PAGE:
Barn Floor Concrete Grooving FAQ

Frequently Asked questions

Cut in concrete grooving is cutting grooves into concrete to give the cows improved footing in barns, yards, holding areas, pens, parlors and walkways. It is done using a custom built machine with diamond blades that create 90-degree angle grooves in the concrete. The cows’ hooves catch the 90-degree edge more effectively than the rounded edge you normally get with cobblestone stamped or boat floated concrete.

Grooving has multiple advantages, including but not limited to:

  • Eliminates cows from doing the splits and injuries from slipping.
  • Improves heat detection by helping cows get secure footing while riding.
  • Improves milk production.
  • Reduces lameness and hoof care costs. Rough finished floors will speed up footwear by 20%.
  • It’s easy to clean and doesn't cause damage to equipment.
  • Improves water run-off.
  • It is a more permanent solution than other methods and is cost effective.

Cut in grooves give cows better footing due to the 90-degree angle created, which tends to catch hooves better than a rounded edge that floated grooves and cobblestone stamping create. Grooving is a more permanent method than others, including scarifying, scabbling and acid treatments. Many of these methods leave an abrasive and uneven surface, which causes grinding of the hooves and feet. These methods are a temporary solution and will wear over time. They are also harder to clean and may cause damage to equipment. Another option is rubber mats, which can become slippery when wet and are expensive.

We are a family owned and operated business, so you will get the personal touch you deserve. Specializing in a diamond pattern and diagonal concrete grooving. Our main goal is the safety and comfort of your herd, and we are willing to work with you one on one to find the best solution to achieve that goal.

We recommend our 5/8” wide grooves 4” on center. This pattern allows the cow's hoof to stay on the flatter surface while standing to stay more comfortable and sure-footed and not twisting into wider grooves. Our 5/8” wide grooves are plenty wide enough for their hoof to fall into the groove and catch on the side of the groove.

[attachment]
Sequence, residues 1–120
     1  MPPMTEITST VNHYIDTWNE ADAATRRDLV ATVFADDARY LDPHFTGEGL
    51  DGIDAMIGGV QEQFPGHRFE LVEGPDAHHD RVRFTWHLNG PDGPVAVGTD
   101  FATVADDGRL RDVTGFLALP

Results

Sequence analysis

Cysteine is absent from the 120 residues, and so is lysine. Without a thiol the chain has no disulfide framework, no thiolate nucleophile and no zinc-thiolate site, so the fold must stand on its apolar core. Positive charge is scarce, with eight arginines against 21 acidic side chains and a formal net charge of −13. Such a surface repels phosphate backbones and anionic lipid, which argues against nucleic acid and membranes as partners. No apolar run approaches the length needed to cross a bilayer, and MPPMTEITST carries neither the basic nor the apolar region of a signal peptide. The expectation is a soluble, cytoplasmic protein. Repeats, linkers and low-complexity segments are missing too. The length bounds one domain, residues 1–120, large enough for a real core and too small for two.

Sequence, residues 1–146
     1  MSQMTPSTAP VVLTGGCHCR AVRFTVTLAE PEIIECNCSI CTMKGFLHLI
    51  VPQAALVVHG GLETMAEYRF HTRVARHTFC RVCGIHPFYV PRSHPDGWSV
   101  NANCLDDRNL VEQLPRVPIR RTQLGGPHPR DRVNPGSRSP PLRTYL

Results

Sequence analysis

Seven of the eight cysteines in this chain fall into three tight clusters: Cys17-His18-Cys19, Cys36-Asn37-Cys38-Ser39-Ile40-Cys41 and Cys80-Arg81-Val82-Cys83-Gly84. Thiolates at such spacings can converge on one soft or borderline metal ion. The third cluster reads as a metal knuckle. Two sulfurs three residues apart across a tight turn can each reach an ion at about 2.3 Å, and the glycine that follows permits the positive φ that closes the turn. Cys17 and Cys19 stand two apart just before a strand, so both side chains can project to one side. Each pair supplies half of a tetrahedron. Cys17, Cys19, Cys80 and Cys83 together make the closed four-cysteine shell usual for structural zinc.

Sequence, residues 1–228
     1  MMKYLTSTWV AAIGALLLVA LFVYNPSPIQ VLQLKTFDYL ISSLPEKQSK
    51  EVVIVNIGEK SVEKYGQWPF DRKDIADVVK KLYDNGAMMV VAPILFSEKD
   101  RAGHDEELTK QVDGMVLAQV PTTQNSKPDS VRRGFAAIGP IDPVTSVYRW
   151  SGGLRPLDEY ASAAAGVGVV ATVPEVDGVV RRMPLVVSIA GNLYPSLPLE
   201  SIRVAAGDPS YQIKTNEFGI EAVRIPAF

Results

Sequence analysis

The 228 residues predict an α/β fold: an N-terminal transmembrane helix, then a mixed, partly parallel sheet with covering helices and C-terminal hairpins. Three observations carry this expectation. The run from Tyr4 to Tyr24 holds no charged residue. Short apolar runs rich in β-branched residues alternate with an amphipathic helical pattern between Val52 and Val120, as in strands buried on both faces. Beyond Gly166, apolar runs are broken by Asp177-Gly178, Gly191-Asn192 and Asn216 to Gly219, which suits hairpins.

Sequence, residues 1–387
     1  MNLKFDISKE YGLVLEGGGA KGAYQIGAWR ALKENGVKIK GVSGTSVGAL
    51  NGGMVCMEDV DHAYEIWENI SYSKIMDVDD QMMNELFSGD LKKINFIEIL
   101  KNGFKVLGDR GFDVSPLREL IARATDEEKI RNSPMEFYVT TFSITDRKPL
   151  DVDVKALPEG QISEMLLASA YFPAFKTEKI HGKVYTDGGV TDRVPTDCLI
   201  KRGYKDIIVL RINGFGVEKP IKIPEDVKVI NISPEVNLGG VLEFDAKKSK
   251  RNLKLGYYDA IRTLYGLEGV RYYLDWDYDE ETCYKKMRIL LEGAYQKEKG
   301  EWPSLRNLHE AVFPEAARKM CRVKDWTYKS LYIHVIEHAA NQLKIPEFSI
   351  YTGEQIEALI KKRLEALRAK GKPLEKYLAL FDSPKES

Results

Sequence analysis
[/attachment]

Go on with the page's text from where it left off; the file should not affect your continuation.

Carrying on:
The objective is to make the cow comfortable and confident as they are on the concrete.

We can get our smallest machine through an 18” opening.

Yes, we can, and we recommend cut in grooves for new concrete. We recommend having the new concrete poured and put a light broom finish on it. Then have Midwest Grooving come and groove it to your specs, this way the grooves will have the nice clean 90-degree angle instead of the rounded edges left by floated grooves or cobblestone stamping. We can also work with your contractor to get it done in a timely manner and we offer a discount for grooving new concrete.

The main preparation for grooving is your normal scraping, no washing or scrubbing. The only other necessity from you, the farmer, is a water source. In addition, there is no strenuous clean up necessary afterward. Grooving creates a sludge which is not harmful to cows and will be wiped away the next time you scrape.

On average, we can groove between 400 and 600 square feet an hour. This varies slightly depending on the grooving design and hardness of the concrete.

Depending on the design, concrete grooving costs are well worth the price. Typically, if you lose one cow, the grooving would have paid for itself. Also, it decreases costs spent on hoof care and increases milk production.

Concrete should be grooved anywhere cows walk, including yards, pathways, pens, alleys, holding areas and parlors. We take into consideration the direction of travel, turn alleys, watering and feeding areas, and then recommend a diagonal, a diamond pattern, or straight groove, which ever will allow better footing for your animals and be the most cost-effective.

Unlike other methods that may ruin the concrete, wear down from cleaning equipment and will need to be repeated frequently, grooving may last 10 years or more depending on the hardness of the concrete.